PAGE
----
Ballast must now be comprehensively planned and embraced

23 May 2018 (Last Updated May 23rd, 2018 16:51)

The IMO’s Marine Environmental Protection Committee (MEPC) has reinforced regulations requiring all ships to install ballast water management systems (BWMS). Dr Stelios Kyriacou, general manager of BALPURE® BWMS at De Nora, considers what this means for the shipping industry.

Ballast must now be comprehensively planned and embraced
The IMO’s Marine Environmental Protection Committee (MEPC) has reinforced regulations requiring all ships to install ballast water management systems. Credit: IMO

With discussions at the IMO’s Marine Environmental Protection Committee’s 72nd session (MEPC 72) last month solidifying the regulatory extensions of MEPC 71 with no re-emergence of lobbying to further extend deadlines or exempt certain ships, there can no longer be any denial that ships will need ballast water management systems installed. The question is no longer if but when will ballast water management systems be installed. Surprisingly, there are still a number of shipowners who have not taken any steps to plan their ballast water compliance strategy.

Time for action

There is an intense period of change approaching for shipowners in the journey towards a more sustainable and greener future for maritime trade and operations. Ballast water compliance starting in September 2019, the 2020 sulphur cap, and now huge efficiency gains or emissions cuts required in the next 30 years, all remind us that now the talking has been done, it’s time for actions. But as owners are starting to find now with the 2020 sulphur deadline, having a plan in place well in advance can at least ease the process, if not necessarily make it simple and painless.

This is even more essential for ballast water compliance. The market landscape is already much clearer than for the 2020 sulphur cap, making informed decisions possible today. In addition, the reality is that ship upgrade projects and retrofits require adequate planning to ensure efficient, cost effective and successful completion.

Establishing a timeline

Under current market conditions, a BWMS retrofit project could have up to 12 months lead time from project launch to completion. Orderbooks are already building for installation dates between 2019 and 2022. With the additional pressure of peak demand and long waiting lists for BWMS installation, owners who wait too long may either find themselves non-compliant or forced to install a sub-standard solution for their vessel type and operational profile.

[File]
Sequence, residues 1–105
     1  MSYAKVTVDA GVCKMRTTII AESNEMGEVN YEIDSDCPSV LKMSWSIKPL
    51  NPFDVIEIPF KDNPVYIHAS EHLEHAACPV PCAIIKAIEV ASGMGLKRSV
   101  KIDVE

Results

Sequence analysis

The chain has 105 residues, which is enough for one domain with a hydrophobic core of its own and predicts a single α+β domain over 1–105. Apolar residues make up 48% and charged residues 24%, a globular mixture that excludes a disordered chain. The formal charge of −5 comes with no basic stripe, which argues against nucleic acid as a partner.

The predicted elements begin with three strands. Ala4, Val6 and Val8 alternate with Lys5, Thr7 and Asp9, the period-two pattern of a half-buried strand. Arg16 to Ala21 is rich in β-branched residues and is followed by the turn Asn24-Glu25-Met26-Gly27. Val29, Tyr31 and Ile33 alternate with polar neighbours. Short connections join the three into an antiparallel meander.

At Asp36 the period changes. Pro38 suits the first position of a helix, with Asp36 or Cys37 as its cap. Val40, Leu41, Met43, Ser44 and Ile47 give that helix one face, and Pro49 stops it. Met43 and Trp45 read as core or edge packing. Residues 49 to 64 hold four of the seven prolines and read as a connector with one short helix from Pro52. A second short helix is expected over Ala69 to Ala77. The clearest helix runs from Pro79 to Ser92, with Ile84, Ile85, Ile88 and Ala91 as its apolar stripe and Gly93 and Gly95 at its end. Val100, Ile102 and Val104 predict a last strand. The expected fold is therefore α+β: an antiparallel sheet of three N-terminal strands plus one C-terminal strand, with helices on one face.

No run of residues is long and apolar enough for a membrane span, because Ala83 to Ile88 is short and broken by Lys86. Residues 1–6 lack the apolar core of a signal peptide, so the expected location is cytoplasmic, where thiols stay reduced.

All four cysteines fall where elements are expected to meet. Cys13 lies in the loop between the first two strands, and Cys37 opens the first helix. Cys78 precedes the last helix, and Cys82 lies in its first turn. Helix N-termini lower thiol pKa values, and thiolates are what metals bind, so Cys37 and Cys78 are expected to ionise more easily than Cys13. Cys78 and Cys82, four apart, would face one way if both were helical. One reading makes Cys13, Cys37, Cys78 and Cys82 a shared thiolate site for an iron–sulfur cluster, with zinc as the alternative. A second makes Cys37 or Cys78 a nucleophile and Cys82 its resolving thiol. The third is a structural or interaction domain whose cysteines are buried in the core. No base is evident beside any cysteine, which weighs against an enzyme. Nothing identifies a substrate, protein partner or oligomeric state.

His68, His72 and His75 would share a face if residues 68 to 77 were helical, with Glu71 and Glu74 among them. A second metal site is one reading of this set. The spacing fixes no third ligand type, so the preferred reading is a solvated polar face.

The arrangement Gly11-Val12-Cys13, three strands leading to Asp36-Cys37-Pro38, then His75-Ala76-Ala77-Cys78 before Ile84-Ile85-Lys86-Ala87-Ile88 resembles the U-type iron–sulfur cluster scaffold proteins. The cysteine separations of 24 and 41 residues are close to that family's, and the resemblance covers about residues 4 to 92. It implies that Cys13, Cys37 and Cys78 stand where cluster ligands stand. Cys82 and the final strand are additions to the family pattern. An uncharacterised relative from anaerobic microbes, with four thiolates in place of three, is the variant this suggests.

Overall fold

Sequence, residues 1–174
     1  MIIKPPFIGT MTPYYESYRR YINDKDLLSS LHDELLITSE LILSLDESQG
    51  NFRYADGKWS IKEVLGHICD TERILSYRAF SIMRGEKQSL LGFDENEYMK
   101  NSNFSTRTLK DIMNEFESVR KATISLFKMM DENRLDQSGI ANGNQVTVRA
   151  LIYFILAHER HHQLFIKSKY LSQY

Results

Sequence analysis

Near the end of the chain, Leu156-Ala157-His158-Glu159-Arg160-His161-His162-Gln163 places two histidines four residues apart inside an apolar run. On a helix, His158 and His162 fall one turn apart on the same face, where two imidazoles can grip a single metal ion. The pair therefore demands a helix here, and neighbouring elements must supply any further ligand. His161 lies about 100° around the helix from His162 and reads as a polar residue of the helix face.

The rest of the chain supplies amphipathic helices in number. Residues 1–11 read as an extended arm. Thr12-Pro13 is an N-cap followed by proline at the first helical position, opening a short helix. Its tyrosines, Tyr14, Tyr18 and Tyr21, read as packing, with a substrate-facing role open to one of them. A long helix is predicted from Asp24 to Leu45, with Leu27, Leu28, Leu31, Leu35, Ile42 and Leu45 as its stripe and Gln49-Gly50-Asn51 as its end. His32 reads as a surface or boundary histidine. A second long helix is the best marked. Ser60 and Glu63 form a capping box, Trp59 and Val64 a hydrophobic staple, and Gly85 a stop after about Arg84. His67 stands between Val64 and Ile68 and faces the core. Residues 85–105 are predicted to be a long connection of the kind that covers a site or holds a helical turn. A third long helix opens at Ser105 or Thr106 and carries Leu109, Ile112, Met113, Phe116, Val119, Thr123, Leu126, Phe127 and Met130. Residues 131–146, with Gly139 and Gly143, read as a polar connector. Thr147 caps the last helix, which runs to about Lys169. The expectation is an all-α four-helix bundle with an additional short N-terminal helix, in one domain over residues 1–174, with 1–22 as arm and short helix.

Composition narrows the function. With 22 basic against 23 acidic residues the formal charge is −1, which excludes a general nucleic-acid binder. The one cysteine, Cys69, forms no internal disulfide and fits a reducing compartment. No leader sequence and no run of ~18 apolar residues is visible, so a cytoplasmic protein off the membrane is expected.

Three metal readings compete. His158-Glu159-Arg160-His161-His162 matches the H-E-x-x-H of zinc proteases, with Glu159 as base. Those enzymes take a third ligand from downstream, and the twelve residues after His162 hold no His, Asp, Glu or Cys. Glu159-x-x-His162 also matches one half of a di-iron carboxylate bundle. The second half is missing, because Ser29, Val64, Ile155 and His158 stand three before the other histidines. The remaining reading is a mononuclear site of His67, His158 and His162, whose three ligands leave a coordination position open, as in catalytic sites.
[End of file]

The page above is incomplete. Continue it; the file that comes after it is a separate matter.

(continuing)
“A BWMS retrofit project could have up to 12 months lead time from project launch to completion.”

Even if an owner’s installation timeline may not be for several years, there are multiple decisions that need to be addressed now. Budget, selection of the correct technology, the engagement of specialist third-party engineering and design resources, selection of dockyards and other contractors, will all take time and research to ensure long-term compliance and an effective partnership. Given recent developments in the market, shipowners should also assess manufacturers on their capacity, financial stability, commitment to the market and long-term record of customer service.

Owners may also wish to review the list of technology suppliers with US Coast Guard (USCG) type approval already in place or going through the application process. It’s important that owners don’t just take current operational profiles and routes into account but also consider which markets and trading routes could be profitable to the vessel over its lifetime of service.

Hazardous zone compliance

Tanker owners, in particular, have specific requirements to consider when taking into account hazardous areas onboard like the pump room, where ballast water treatment systems are situated. De Nora has specialised in delivering solutions that make the process of selection, design, installation and operation easy for tanker owners who need to ensure hazardous zone compliance without compromising cargo capacity.

The key has been in developing slip-stream electrolytic ballast systems that are made up of several sub-assemblies so that it can be mounted away from the ballast lines and that all major equipment can be installed in the engine room, with only a few low energy control devices needed in the pump room. BALPURE® is approved for hazardous zone installation and is available in both pump room and deck mounted configurations. There are already dozens of ships safely ballasting and deballasting with this type of system, including the Aframax crude tanker, on which De Nora conducted USCG shipboard testing.

As we saw in the 2017 ABS survey on ballast water, 57% of BWMS already installed on vessels are operating. This means that for most of the industry, the experience of BWMS so far has been positive. But it also shows a real divergence of experiences, and getting the right system type, supplier, crew training and proper installation will determine whether the process is achieved smoothly and successfully. Effective planning and putting in place partnerships now will mean owners will be more likely to get the system they need, in the right timescale, with reliable long-term partners to support the future of their business.